Tracy captures third Grand Prix of Cleveland title
CLEVELAND -- Paul Tracy left dust, debris and drivers in his wake.
And when his dirty day of racing was over, Tracy showered with a few celebratory blasts of champagne.
Using years of driving experience -- and his front end -- to intimidate and push his way to the front, Tracy held off rookie Robert Doornbos on a frantic final lap to win his third Grand Prix of Cleveland on Sunday, ending Sebastien Bourdais' three-race winning streak.
Tracy's 31st career victory, and first in the series since winning here in 2005, came after he was involved in two early accidents, mishaps that forced his pit crew to change his front wing twice in the first seven laps.
"It was by no means a nice, comfortable, easy, pretty win," Tracy said. "It was ugly. It was messy. It's not the way I would have liked to have won a race."
Rookie Graham Rahal, trying to win on the same track where his dad, Bobby, finished first in 1982, was critical of Tracy's tactics. Rahal was clipped from behind by Tracy on the 10-turn airport layout.
"He tried to put me in the grass," the 18-year-old driver said. "Tracy just punted me. ... He's wild and he'll put you in the fence and doesn't care about it."
After starting seventh and falling back in the pack because of the wrecks, Tracy worked his way through the field and finished .513 seconds ahead of Doornbos and another rookie, Neel Jani, who was 5.405 seconds back in third.
The victory made Tracy the third three-time winner in Cleveland, joining Danny Sullivan and Emerson Fittipaldi.
The 38-year-old racer's 2007 season had been slowed by a back injury, the result of a practice crash in Long Beach, that forced him to miss two races. He finished 10th in Portland two weeks ago.
But despite some so-so qualifying times, Tracy, who started seventh, was confident of his chances. And once he was back on the familiar runways and taxiways of Burke Lakefront Airport, the Canadian took off.
Because of the accidents, he was able to top off his fuel supply and he gambled late that he would have enough to finish. Tracy, who made seven pit stops, was also running on well-worn tires on the final lap as he tried to stay ahead of the 25-year-old Doornbos, an impressive Formula One test driver who has finished on the podium four times in five races this season.
Doornbos, forced to drive through the pits as a penalty for blocking early on, had used up his push-to-pass allotment -- 60 seconds of added horsepower -- and didn't have enough speed to reel in Tracy.
"I was pushing the button really, really hard and nothing came out," Doornbos quipped. "I almost bent it trying."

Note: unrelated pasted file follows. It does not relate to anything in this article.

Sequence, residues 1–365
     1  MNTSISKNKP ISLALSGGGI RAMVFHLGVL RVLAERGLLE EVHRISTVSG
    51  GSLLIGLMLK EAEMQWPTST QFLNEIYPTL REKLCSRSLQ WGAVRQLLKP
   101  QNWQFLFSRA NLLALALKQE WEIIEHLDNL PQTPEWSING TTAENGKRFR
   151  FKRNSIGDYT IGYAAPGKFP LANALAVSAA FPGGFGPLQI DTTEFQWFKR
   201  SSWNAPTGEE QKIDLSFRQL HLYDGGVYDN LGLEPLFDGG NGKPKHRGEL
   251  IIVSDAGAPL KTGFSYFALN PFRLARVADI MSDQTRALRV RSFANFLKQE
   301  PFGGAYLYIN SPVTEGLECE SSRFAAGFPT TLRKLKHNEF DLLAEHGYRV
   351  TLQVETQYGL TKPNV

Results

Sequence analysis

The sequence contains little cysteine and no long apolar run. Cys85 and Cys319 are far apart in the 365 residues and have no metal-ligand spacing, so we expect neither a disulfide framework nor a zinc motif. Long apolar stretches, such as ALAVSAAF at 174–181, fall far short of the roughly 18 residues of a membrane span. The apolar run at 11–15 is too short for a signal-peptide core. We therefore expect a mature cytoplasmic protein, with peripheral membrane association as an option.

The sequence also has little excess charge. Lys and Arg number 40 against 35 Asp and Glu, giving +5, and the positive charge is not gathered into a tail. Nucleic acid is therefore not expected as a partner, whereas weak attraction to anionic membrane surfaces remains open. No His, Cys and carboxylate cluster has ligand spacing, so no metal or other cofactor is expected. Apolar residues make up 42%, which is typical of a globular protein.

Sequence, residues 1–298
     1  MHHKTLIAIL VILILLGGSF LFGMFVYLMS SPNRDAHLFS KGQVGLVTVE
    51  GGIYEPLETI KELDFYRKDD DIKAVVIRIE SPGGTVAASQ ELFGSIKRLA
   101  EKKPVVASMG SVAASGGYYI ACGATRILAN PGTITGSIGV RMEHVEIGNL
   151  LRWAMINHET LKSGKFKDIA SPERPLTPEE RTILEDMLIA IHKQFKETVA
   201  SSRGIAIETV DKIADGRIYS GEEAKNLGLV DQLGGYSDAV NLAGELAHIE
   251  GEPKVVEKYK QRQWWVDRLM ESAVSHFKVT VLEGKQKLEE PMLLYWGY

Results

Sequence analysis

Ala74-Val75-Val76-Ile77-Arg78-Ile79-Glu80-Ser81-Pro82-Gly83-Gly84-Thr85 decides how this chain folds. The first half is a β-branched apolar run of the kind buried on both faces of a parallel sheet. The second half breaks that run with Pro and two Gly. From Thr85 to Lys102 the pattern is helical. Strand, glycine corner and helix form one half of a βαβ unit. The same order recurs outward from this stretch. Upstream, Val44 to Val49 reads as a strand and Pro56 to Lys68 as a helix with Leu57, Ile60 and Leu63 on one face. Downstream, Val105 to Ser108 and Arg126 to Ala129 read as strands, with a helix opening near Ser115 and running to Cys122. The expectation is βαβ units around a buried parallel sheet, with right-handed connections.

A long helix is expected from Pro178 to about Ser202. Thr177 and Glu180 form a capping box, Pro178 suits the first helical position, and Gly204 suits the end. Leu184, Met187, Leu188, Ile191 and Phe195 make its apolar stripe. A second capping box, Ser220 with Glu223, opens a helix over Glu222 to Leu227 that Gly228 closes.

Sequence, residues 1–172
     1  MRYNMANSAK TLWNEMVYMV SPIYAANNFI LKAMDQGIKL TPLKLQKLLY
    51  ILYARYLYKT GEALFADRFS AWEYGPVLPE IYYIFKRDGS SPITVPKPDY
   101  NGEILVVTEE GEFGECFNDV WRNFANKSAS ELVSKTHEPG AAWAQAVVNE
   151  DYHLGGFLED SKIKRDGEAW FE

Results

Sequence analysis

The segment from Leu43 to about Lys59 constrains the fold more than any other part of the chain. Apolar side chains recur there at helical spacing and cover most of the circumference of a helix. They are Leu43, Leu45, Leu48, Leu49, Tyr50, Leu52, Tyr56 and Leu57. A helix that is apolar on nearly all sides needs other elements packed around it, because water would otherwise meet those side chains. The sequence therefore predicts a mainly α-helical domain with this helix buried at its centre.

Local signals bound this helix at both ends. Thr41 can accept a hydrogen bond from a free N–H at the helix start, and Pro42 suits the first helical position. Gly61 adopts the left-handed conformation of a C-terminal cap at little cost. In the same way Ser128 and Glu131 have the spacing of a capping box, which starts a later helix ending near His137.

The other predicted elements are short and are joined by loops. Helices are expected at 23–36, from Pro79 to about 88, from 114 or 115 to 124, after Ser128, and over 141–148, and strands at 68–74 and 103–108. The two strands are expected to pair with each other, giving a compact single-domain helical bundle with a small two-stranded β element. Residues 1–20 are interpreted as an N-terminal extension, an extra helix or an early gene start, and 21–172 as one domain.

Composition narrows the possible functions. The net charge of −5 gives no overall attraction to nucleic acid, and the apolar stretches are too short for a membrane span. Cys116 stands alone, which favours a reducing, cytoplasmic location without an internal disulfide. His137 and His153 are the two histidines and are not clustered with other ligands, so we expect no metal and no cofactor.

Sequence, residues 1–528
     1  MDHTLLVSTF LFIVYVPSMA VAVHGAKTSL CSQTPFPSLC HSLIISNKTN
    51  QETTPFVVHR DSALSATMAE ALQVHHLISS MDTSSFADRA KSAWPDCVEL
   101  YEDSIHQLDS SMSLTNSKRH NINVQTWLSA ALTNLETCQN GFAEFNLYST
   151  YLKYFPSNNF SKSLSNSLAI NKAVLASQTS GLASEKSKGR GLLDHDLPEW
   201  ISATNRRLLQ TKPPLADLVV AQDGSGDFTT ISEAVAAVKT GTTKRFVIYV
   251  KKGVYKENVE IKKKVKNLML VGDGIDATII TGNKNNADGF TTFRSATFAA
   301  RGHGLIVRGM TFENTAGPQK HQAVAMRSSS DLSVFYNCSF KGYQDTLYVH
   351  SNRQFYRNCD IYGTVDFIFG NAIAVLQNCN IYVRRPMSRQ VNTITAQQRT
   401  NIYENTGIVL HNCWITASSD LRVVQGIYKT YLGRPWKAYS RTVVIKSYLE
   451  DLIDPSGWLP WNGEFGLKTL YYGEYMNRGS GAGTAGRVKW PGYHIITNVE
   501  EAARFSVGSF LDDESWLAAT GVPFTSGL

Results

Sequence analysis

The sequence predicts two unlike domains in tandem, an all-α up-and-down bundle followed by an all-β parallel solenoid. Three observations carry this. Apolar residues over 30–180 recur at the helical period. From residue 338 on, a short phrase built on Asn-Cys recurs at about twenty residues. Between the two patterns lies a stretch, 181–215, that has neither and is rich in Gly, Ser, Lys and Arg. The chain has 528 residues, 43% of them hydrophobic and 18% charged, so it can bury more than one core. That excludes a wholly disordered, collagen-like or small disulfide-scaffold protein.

Bourdais, the series' points leader and dominant driving force this season, led for the first 30 laps and was still running second when he blew an engine on Lap 67.
The McDonald's No. 1 car was towed back to the pits, and the crew tried to restart Bourdais before finally giving up, forcing him to climb out of his cockpit following another disappointing outing along Lake Erie's shoreline.
A year ago, Bourdais, a two-time winner in Cleveland seeking an unprecedented fourth straight series title, was knocked out on the first lap in a scary wreck as Tracy's car landed on him, leaving tire marks on his helmet.
He tried to put me in the grass. Tracy just punted me. ... He's wild and he'll put you in the fence and doesn't care about it.
"The engine just let go," Bourdais said. "That's the way it goes."
As Bourdais was in the pit, Australian Will Power, who entered the race second in the standings blew a front tire. He finished 10th.
Despite the poor showing, Bourdais still leads the championship standings with 117 points, three more than Doornbos and 12 ahead of Power heading into next week's race in Mont-Tremblant, Canada.
The first standing start in Cleveland's 26-year history resulted in one of the cleanest beginnings of the race in recent memory as all 17 cars got through the infamous Turn 1 without an incident.
Usually, there's a pile up or two just seconds into the race.
"There were a lot of cars on the verge of running into each other," Tracy said. "But it didn't happen."
Soon, though, fenders were bending -- courtesy of Tracy, Champ's resident racing rebel.
He first plowed into Rahal, whom he said "basically parked the car in front of me to avoid spinning out. I ended up running into him. That was wing No. 1."
A few laps later, Tracy bulled into Bruno Junquiera's rear in Turn 1, ending the Brazilian's day.
"Tracy, as usual, threw a chrome horn on somebody and unfortunately it was me," Junquiera said.
Tracy didn't excuse that wreck.
"I ran right into the back of him," he said. "That was wing No. 2."
The rest of Tracy's day was incident free until the final straightaway when he crossed the finish line amid a barrage of fireworks.
"It's satisfying because we really had to push ourselves to win," said Tracy, a 17-year Champ Car veteran. "I really had to fight."
Copyright 2007 by The Associated Press
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